The opinion of the court was delivered by: TROUTMAN
Claiming that defendant knowingly concealed relevant biographical data from his application for citizenship, the Government instituted this denaturalization proceeding. 8 U.S.C. § 1451. Specifically, the complaint charges that defendant failed to disclose his participation, between 1941-1944, in the execution of hundreds of Jews in the Nazi-occupied Gorodische region of the Ukraine. Defendant, moving to dismiss, argues that the affidavit appended to the complaint, 8 U.S.C. § 1451(a), impermissibly relies upon hearsay information rather than the affiant's personal knowledge. Continuing, defendant claims that "geopolitical" considerations preclude him from employing the full array of discovery tools otherwise available. Therefore, defendant reasons that general notions of due process compel dismissal. Finally, defendant argues that laches or estoppel bar this action. We will deny the motion to dismiss because we conclude that each of these contentions lack merit.
Relying upon United States v. Zucca, 351 U.S. 91, 100 L. Ed. 964, 76 S. Ct. 671 (1956), defendant claims that the affidavit of good cause appended to the complaint, 8 U.S.C. § 1451(a), is fatally defective in that the affiant's statements are based upon a review of specified files rather than upon personal knowledge. Defendant's reliance upon Zucca is, however, misplaced. The Zucca court considered the "sole question" of whether the "filing of the affidavit [of good cause is] a prerequisite" to the maintenance of a denaturalization action. United States v. Zucca, 315 U.S. at 91.
Zucca simply did not address the issue at bar, i.e., the form and sufficiency of an affidavit which must be filed pursuant to 8 U.S.C. § 1451(a). Nowak v. United States, 356 U.S. 660, 2 L. Ed. 2d 1048, 78 S. Ct. 955 (1958), decided two years after Zucca specifically held that the statute is satisfied by an affidavit based upon facts contained in files to which the affiant has access. See also, Maisenberg v. United States, 356 U.S. 670, 2 L. Ed. 2d 1056, 78 S. Ct. 960 (1958); United States v. DeLucia, 256 F.2d 487, 488 (7th Cir. 1958); United States v. Ryan, 360 F. Supp. 265, 269 n. 6 (E.D. N.Y. 1973). Any contention that a "good cause" affidavit which lacks personal knowledge is statutorily infirm "must be rejected". Nowak v. United States, 356 U.S. at 662.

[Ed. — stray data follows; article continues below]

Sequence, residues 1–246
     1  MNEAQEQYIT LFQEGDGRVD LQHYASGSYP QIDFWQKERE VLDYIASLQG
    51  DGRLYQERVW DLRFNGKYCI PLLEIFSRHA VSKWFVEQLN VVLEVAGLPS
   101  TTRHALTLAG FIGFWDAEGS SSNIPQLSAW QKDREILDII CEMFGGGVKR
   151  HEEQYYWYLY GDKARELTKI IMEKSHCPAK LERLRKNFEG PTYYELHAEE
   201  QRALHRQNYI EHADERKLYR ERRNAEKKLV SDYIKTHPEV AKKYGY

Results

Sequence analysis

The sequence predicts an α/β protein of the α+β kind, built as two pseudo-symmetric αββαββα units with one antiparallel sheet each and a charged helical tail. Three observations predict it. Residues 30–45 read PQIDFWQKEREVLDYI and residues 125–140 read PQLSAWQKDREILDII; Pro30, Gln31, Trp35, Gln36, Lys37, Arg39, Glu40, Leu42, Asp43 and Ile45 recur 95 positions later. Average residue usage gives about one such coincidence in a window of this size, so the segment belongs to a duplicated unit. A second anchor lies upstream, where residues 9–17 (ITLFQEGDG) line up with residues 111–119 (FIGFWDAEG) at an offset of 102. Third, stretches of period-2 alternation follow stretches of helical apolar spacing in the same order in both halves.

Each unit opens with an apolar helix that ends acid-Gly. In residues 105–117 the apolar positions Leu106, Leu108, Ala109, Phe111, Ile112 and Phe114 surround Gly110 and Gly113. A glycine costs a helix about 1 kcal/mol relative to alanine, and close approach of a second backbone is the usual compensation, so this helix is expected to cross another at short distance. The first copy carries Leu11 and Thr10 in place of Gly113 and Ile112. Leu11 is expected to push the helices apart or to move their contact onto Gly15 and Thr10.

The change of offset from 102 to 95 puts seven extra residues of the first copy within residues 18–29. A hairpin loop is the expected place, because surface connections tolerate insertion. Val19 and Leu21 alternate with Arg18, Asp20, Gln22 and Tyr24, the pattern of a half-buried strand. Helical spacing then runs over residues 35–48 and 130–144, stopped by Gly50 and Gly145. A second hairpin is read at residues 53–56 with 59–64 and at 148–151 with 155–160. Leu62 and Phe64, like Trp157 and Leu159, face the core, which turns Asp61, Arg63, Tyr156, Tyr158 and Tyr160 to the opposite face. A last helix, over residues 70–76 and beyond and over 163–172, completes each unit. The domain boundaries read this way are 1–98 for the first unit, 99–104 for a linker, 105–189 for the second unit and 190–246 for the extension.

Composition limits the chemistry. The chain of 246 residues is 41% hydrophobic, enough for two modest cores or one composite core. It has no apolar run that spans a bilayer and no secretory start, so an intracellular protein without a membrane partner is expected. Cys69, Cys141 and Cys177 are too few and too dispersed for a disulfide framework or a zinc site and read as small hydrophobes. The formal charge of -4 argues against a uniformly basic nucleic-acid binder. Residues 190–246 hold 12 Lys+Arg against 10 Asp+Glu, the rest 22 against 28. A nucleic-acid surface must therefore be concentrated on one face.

In the case at bar, the "good cause" affidavit establishes that the affiant, the Department of Justice's Deputy Director of the Office of Special Investigations, has access to records and files which relate to the wartime activities of the defendant. The affidavit states that between 1941-1944 defendant, a member of the Nazi established police force, participated in the expropriation of property, rounding-up and detaining persons based upon their religious and political beliefs, deportation of persons to forced labor camps and the execution of Jews. Continuing, the affidavit states that defendant misrepresented his wartime activities on his application for a visa by stating that, during the relevant time, he was engaged in forced labor in Spittol, Austria. Finally, the affiant swears that defendant's citizenship was procured illegally or through misrepresentations. These averments, tested against Nowak, satisfy the statutory "good cause" standard. 8 U.S.C. § 1451(a).
We reject this contention because it ignores both the fact that defendant may initiate discovery procedures in Eastern European nations, United States v. Walus, 616 F.2d 283, 304 (7th Cir. 1980); Danisch v. Guardian Life Insurance Co. of America, 19 F.R.D. 235 (S.D. N.Y. 1956), and other legal precedent. In United States v. Linnas, 527 F. Supp. 426, 433-44 (E.D. N.Y. 1981), defendant contended that evidence obtained in the Soviet Union should be excluded because that government purportedly manipulated and manufactured evidence. The court rejected the attack on "Soviet-source" evidence because defendant was unable to point to any facts which demonstrated that such evidence was, in fact, corrupt. Id. Similarly, Judge Pollak rejected a somewhat analogous challenge with the conclusion that defendant had failed to " establish as a matter of law that no deposition taken in the Soviet Union would be reliable". United States v. Trucis, 89 F.R.D. 671, 674 (E.D. Pa. 1981) (emphasis added). Accord, United States v. Osidach, 513 F. Supp. 51, 89-90 n. 22 (E.D. Pa. 1981) (Bechtle, J.) Defendant's unsupported fear that he will be unable to pursue discovery, or that any discovery taken will be unreliable, is simply premature and too speculative to compel dismissal.
Defendant's motion also urges, without citation, that laches and estoppel bar this action. Local R. Civ. P. 20(c) mandates that motions be supported by an appropriate legal memorandum. Where this requirement is not met, the motion is properly deemed abandoned. Shoemaker v. Allender, 520 F. Supp. 266, 271 (E.D. Pa. 1981); MOVE Organization v. City of Philadelphia, 89 F.R.D. 521 (E.D. Pa. 1981). Cf., Wirtz v. Hooper-Holmes Bureau, 327 F.2d 939, 943 (5th Cir. 1964) (Local rules for the conduct of trial courts should not be ignored "except for compelling reasons").
In any case, the defenses of laches and estoppel are unavailable to defendants in denaturalization cases. Costello v. United States, 365 U.S. 265, 281, 5 L. Ed. 2d 551, 81 S. Ct. 534 (1961); United States v. Weintraub, 613 F.2d 612, 618-19 (6th Cir. 1979) (Costello's "primary holding" was that laches is "inappropriate"); United States v. Schellong, 547 F. Supp. 569, 576-577 (N.D. Ill. 1982).
An appropriate order shall issue denying defendant's motions to dismiss and for a protective order.
AND NOW, this 24th day of May, 1983, IT IS ORDERED that defendant's motions to dismiss and for a ...